MORE INFORMATION:

‘Bully’
Opens April 13 at Landmark Midtown
931 Monroe Dr. , Atlanta, GA 30308
For information/assistance:
www.thebullyproject.com
www.standforthesilent.org

Lee Hirsch’s documentary “Bully” has been all over the news because of Katy Butler’s petition drive (successful, after minor cuts were made) to get the rating lowered to PG-13 so schoolchildren can see it. It opens April 13 at Atlanta’s Landmark Midtown Art Cinemas.

While the film might have been a well-intentioned mess, it’s actually surprisingly good. It also shows up the hypocrisy of the MPAA and their obsession with “the F-word.” You can see the F-words that really hurt are “fag” and “faggot” (and in one boy’s case, “Fishface”), not “fuck.”

The stories of five bullied children are told, two of them posthumously because the boys involved committed suicide. David Long of Murray County, in northwest Georgia, opens the film telling about his son Tyler, who hanged himself at 17. “They said he was a geek and a fag and they didn’t want to play with him,” his father says.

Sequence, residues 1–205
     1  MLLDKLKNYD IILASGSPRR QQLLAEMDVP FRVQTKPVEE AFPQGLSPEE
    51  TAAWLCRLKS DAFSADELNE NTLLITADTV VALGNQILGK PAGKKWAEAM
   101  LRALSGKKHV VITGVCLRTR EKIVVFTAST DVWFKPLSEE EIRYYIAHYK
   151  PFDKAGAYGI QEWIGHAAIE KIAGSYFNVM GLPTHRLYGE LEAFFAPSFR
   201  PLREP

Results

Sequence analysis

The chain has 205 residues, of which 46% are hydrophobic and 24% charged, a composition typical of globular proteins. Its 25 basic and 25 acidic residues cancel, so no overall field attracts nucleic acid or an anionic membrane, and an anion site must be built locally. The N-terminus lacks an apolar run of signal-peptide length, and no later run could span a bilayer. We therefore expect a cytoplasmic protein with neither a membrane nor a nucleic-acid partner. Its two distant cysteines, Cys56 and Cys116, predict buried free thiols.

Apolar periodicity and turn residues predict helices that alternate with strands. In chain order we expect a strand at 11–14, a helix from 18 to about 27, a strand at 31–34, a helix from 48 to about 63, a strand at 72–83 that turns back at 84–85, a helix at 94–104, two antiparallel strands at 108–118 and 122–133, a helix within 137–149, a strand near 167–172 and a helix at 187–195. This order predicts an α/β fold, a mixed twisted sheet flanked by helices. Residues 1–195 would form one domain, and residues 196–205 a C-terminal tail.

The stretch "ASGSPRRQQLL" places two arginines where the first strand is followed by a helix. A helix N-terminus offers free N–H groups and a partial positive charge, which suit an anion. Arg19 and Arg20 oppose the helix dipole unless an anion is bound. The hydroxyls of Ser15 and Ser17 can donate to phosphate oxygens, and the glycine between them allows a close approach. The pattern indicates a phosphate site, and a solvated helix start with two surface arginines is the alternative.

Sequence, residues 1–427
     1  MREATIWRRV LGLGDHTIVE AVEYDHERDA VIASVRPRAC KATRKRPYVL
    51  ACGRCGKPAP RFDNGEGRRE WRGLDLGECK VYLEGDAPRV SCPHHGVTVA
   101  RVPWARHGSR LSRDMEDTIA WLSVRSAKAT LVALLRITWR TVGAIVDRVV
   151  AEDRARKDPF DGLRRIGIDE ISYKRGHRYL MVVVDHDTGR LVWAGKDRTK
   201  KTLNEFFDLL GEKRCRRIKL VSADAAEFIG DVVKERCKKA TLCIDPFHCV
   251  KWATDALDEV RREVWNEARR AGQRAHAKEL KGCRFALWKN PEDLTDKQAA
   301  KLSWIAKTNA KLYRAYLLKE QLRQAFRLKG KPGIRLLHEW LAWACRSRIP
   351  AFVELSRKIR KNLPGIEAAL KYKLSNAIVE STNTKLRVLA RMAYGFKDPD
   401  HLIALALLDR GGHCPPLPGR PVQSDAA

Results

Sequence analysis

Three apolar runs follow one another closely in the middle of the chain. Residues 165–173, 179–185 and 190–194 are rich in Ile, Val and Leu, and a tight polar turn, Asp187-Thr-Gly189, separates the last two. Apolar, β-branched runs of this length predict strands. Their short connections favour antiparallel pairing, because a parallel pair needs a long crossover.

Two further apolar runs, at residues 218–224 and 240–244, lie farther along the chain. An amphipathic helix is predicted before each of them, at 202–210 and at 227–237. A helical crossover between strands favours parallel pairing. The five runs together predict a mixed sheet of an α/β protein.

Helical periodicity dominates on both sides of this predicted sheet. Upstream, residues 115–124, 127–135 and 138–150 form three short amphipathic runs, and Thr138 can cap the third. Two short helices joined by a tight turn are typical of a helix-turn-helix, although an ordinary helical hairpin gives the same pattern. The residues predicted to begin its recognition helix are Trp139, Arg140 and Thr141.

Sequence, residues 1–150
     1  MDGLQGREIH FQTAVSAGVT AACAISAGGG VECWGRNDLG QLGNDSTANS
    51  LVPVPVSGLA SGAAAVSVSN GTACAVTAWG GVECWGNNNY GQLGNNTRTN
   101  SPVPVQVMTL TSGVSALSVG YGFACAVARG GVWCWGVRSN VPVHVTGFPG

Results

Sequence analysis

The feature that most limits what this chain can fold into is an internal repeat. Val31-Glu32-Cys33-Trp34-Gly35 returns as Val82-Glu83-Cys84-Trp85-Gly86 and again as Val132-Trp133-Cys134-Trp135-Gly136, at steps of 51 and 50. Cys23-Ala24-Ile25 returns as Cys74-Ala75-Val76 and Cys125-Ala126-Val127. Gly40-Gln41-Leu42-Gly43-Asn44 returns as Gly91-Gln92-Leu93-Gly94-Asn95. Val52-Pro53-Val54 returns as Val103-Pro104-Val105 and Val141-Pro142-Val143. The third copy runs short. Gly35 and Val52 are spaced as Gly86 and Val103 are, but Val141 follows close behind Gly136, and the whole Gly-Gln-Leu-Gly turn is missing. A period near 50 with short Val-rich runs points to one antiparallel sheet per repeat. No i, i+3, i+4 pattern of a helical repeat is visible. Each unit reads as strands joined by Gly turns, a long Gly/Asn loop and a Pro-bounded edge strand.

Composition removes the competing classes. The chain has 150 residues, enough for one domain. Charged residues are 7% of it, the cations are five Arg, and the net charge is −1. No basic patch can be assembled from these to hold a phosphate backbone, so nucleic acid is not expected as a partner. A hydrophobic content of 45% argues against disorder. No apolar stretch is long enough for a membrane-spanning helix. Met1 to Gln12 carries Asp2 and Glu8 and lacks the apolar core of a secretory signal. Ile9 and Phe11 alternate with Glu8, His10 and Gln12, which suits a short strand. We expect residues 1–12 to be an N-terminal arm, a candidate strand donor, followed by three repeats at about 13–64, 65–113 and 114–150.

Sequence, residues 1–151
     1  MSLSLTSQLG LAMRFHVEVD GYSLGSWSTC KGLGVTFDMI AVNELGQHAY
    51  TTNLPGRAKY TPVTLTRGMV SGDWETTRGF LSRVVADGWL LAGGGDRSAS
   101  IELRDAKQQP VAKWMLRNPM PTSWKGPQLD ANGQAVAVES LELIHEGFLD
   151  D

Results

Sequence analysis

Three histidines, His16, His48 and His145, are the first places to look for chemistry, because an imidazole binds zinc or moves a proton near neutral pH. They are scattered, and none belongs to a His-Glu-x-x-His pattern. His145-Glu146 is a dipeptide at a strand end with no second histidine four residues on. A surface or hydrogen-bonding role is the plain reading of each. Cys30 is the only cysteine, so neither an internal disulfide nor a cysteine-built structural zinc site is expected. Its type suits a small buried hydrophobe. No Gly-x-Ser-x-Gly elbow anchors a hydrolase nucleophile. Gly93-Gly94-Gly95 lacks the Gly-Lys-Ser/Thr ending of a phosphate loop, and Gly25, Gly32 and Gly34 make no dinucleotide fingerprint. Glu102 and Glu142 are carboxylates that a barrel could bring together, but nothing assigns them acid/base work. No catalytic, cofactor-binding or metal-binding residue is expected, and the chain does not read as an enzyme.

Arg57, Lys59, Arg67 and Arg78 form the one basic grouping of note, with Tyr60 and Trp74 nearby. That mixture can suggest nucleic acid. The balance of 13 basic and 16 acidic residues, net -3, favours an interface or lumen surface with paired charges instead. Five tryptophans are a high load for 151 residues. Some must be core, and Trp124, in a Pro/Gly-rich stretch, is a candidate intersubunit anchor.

The other fatality, Ty Smalley only made it to 11.

Kelby Johnson became a pariah when she came out as a lesbian at 16. She’s attempted suicide three times but has a circle of friends, straight and gay, and a good attitude: “Maybe all it takes is for one person to stand up,” she says hopefully.

We don’t learn why Ja’meya Jackson was bullied. Her mother shows off her athletic trophies and says she was an honor student, but one day Ja’meya had enough and pulled out a gun on the school bus.

Getting the lion’s share of screen time is Alex Libby, 12, who is slightly disfigured, probably as a result of being born prematurely. He puts up with a lot of bullying before speaking out.

School administrators issue pathetic denials of bullying or a “kids will be kids” defense, but it’s true that there’s no simple solution to the bullying problem.

The Longs and the Smalleys have started awareness campaigns and the film’s publicity has led major celebrities to take stands against bullying. If the majority of young people will stand with the bullied rather than the bullies (as in the “21 Jump Street” movie), bullying will no longer be cool.

Then maybe kids, gay and straight, can go to school to learn, rather than to suffer or inflict pain on others. Maybe “Bully” can help make that happen.

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